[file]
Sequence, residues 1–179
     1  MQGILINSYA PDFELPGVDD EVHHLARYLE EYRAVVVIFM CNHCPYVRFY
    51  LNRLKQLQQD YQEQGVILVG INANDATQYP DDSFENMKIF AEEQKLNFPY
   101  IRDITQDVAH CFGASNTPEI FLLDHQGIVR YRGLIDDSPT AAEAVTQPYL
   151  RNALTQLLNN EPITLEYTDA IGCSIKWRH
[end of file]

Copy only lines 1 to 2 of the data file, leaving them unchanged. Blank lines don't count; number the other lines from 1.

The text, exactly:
Sequence, residues 1–179
     1  MQGILINSYA PDFELPGVDD EVHHLARYLE EYRAVVVIFM CNHCPYVRFY